It should strike you at once that our unstated official assumptions about human nature are dead wrong. Nearly all people are competent and responsible; universal motoring proves that. The efficiency of motor vehicles as terrorist instruments would have written a tragic record long ago if people were inclined to terrorism. But almost all auto mishaps are accidents, and while there are seemingly a lot of those, the actual fraction of mishaps, when held up against the stupendous number of possibilities for mishap, is quite small. I know it’s difficult to accept this because the spectre of global terrorism is a favorite cover story of governments, but the truth is substantially different from the tale the public is sold. According to the U.S. State Department, 1995 was a near-record year for terrorist murders; it saw three hundred worldwide (two hundred at the hand of the Tamil Tigers in Sri Lanka) compared to four hundred thousand smoking-related deaths in the United States alone. When we consider our assumptions about human nature that keep children in a condition of confinement and limited options, we need to reflect on driving and things like almost nonexistent global terrorism.

Notice how quickly people learn to drive well. Early failure is efficiently corrected, usually self-corrected, because the terrific motivation of staying alive and in one piece steers driving improvement. If the grand theories of Comenius and Herbart about learning by incremental revelation, or those lifelong nanny rules of Owen, Maclure, Pestalozzi, and Beatrice Webb, or those calls for precision in human ranking of Thorndike and Hall, or those nuanced interventions of Yale, Stanford, and Columbia Teachers College were actually as essential as their proponents claimed, this libertarian miracle of motoring would be unfathomable.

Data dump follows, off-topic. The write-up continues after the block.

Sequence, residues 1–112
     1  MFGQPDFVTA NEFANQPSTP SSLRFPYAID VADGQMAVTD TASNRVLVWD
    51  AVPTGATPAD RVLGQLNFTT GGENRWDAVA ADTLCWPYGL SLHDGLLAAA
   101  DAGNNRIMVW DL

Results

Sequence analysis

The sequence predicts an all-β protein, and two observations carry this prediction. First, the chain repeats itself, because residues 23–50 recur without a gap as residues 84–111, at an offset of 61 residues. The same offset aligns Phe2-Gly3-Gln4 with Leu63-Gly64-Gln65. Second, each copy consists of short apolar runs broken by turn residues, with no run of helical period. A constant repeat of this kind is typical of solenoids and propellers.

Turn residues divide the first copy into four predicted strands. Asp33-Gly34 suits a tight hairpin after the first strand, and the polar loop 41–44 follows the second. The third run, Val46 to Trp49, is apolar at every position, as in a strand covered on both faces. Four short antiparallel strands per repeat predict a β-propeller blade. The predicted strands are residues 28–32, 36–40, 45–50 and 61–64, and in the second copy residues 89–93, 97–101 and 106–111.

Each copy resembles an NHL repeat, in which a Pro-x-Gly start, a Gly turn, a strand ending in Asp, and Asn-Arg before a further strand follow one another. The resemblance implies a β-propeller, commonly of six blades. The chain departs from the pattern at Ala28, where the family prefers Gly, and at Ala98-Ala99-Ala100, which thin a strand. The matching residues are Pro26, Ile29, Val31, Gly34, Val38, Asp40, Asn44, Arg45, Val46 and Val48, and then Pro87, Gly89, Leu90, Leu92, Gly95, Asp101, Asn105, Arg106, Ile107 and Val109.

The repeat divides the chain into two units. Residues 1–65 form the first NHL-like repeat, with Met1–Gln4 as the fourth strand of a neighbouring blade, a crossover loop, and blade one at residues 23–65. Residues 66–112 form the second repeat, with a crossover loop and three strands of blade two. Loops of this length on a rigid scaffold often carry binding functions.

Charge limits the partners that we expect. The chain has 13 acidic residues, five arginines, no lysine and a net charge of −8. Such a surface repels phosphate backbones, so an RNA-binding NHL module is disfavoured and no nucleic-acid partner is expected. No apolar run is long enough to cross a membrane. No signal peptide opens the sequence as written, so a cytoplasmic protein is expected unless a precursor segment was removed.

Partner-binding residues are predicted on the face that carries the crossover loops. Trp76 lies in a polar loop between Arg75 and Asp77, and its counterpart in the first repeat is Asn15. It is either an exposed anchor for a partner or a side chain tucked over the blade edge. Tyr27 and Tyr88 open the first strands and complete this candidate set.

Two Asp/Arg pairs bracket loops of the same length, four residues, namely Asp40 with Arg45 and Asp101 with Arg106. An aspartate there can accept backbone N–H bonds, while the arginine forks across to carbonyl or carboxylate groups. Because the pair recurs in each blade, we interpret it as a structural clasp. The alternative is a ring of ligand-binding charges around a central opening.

Now consider the intellectual component of driving. It isn’t all just hand-eye-foot coordination. First-time drivers make dozens, no, hundreds, of continuous hypotheses, plans, computations, and fine-tuned judgments every day they drive. They do this skillfully, without being graded, because if they don’t, organic provision exists in the motoring universe to punish them. There isn’t any court of appeal from your own stupidity on the road.4

I could go on: think of licensing, maintenance, storage, adapting machine and driver to seasons and daily conditions. Carefully analyzed, driving is as impressive a miracle as walking, talking, or reading, but this only shows the inherent weakness of analysis since we know almost everyone learns to drive well in a few hours. The way we used to be as Americans, learning everything, breaking down social class barriers, is the way we might be again without forced schooling. Driving proves that to me.